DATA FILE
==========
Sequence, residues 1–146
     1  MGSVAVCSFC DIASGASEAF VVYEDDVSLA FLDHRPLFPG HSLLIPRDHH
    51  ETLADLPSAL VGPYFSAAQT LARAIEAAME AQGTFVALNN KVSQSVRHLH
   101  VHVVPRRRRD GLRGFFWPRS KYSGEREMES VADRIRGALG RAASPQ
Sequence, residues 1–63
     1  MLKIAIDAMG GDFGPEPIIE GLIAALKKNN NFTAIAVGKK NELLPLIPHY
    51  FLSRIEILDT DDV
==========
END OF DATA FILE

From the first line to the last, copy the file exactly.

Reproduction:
Sequence, residues 1–146
     1  MGSVAVCSFC DIASGASEAF VVYEDDVSLA FLDHRPLFPG HSLLIPRDHH
    51  ETLADLPSAL VGPYFSAAQT LARAIEAAME AQGTFVALNN KVSQSVRHLH
   101  VHVVPRRRRD GLRGFFWPRS KYSGEREMES VADRIRGALG RAASPQ
Sequence, residues 1–63
     1  MLKIAIDAMG GDFGPEPIIE GLIAALKKNN NFTAIAVGKK NELLPLIPHY
    51  FLSRIEILDT DDV